Hugh Larkin never suspected he had any health problems.
The Livonia resident was fit and in good shape. Working as a firefighter in Royal Oak and playing hockey during his time off left him feeling good. It wasn’t until he went to a physical with his doctor three years ago and found he had developed prostate cancer between checkups.
“A little over a year before, I had none,” Larkin said. “So it was quite surprising.
“I just felt like I was on a normal path like everyone else. So it was quite the disruption.”
Larkin, a lifelong Livonia resident, will be one of many people who attend this year’s Run for the Ribbon 5K, which takes place Father’s Day at the Detroit Zoo in Royal Oak and is put on by the MIU Men’s Health Foundation.
Larkin isn’t a runner, but is going to support the cause and be with others who have taken on prostate cancer.
When he was diagnosed in 2014, it took him, his wife and his children by surprise. The cancer had grown to either stage 3 or stage 4 and lesions were beginning to appear on his ribs.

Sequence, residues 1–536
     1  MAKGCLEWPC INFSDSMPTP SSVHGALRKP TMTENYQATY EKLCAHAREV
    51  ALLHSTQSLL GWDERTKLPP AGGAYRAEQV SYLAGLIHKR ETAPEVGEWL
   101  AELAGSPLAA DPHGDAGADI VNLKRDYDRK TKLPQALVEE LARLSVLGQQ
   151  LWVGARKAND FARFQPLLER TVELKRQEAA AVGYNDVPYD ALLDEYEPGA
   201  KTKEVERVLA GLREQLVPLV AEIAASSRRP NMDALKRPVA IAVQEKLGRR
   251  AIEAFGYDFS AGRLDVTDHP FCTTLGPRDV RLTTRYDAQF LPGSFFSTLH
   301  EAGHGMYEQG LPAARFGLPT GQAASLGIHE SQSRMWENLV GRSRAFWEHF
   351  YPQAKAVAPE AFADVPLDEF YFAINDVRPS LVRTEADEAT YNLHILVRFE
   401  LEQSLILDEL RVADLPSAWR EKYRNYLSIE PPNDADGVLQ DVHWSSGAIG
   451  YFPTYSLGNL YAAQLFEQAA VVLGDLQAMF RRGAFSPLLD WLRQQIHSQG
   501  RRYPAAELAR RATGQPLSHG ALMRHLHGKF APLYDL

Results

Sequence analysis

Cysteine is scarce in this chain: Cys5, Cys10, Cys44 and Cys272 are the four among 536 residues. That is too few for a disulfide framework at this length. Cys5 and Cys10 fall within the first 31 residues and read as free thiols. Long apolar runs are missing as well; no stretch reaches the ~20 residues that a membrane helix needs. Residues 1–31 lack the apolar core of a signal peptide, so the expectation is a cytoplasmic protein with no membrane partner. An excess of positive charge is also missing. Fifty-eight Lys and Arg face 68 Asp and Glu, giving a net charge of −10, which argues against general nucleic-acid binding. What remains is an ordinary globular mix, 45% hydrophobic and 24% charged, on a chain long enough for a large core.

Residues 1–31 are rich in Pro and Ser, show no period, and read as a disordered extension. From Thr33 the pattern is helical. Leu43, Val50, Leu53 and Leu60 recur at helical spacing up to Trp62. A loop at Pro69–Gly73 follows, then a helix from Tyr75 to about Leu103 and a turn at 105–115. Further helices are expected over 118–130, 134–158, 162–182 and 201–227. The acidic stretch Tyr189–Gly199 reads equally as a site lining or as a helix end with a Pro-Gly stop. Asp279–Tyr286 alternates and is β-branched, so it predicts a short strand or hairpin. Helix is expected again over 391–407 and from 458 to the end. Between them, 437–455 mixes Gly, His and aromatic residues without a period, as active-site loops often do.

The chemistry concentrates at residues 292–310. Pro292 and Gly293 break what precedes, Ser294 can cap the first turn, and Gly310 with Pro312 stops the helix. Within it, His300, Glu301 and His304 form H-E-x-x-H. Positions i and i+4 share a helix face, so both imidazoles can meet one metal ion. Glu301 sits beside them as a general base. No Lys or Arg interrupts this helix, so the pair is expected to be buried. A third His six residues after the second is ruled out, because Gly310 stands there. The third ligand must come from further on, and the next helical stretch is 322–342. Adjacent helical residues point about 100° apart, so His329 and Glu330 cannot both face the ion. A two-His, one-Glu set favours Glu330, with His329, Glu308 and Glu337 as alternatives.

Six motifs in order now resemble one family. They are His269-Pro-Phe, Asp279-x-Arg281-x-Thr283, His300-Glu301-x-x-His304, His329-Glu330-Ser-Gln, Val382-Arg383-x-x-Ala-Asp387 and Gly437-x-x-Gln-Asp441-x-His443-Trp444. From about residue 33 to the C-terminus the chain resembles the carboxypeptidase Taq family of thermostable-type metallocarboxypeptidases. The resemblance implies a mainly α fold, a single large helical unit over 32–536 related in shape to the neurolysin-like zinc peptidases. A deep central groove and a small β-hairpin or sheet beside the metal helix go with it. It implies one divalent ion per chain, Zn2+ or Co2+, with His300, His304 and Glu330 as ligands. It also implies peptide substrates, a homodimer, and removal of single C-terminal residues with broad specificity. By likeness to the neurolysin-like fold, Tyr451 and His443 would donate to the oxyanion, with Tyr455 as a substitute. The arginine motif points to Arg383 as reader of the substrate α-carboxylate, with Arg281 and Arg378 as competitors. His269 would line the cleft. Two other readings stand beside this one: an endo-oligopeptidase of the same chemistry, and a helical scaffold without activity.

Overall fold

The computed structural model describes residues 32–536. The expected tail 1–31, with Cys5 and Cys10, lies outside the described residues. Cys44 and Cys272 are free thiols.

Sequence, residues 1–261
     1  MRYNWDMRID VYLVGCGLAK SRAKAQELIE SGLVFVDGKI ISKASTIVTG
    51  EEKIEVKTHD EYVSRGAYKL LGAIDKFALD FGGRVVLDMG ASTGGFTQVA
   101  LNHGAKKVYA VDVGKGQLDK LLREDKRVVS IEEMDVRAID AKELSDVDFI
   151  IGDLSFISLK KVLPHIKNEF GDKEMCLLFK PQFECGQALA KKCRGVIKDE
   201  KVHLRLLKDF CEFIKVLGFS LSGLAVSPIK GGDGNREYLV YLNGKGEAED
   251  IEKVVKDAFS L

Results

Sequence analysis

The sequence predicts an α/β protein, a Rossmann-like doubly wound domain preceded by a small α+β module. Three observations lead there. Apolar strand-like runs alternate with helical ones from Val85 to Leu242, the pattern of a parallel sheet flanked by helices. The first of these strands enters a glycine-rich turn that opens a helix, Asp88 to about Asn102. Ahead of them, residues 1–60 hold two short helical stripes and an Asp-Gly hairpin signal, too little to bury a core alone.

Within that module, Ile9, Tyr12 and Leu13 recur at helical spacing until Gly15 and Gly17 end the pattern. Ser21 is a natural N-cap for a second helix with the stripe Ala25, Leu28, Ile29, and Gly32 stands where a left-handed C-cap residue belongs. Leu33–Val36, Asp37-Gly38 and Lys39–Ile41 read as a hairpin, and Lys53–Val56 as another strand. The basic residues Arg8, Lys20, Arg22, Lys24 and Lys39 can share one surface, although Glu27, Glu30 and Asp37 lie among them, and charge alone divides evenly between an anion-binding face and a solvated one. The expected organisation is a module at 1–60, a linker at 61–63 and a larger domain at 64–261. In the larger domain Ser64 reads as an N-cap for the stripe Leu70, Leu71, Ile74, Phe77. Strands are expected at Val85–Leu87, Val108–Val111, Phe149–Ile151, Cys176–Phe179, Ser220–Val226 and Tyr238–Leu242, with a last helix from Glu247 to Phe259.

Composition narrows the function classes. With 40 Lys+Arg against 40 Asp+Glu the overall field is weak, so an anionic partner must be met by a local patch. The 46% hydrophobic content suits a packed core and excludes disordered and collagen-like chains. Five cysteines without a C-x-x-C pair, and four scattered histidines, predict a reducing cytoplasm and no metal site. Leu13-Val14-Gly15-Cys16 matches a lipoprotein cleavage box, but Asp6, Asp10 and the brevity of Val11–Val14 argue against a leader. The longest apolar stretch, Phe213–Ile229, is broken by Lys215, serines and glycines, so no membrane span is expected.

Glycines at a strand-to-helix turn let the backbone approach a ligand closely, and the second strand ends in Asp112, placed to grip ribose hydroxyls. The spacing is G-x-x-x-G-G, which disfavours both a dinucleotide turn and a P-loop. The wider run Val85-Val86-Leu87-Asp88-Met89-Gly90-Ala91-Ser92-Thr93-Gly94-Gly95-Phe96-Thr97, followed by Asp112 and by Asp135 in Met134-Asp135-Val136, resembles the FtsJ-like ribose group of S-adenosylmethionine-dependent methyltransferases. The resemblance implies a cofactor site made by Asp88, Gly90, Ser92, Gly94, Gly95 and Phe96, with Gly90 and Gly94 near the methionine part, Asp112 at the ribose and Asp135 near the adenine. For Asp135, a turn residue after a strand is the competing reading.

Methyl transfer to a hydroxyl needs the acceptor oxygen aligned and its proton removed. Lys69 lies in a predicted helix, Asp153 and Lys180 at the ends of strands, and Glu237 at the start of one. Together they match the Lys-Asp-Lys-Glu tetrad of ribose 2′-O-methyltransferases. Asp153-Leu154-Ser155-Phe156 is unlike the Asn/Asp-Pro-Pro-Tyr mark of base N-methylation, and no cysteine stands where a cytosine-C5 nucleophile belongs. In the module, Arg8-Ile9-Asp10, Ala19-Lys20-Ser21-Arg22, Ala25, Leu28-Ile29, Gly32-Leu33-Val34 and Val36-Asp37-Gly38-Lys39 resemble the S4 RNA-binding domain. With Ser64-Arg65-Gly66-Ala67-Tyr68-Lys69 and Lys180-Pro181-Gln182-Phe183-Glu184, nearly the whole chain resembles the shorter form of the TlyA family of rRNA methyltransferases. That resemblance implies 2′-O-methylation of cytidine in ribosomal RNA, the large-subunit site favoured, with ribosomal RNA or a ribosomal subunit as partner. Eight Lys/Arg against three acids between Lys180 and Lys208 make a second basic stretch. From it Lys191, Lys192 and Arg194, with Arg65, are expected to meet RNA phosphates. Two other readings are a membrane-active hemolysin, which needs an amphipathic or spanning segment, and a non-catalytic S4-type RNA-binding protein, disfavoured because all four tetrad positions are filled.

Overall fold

Larkin immediately began treatment, which included chemotherapy, radiation and estrogen injections, which are designed to starve the prostate of testosterone.
Luckily, Larkin began seeing some immediate positive signs: his prostate specific antigen, or PSA, number began to go down, indicating the treatment was working.
“Each chemotherapy I took, my number went down,” he said. “So that was a positive sign.”
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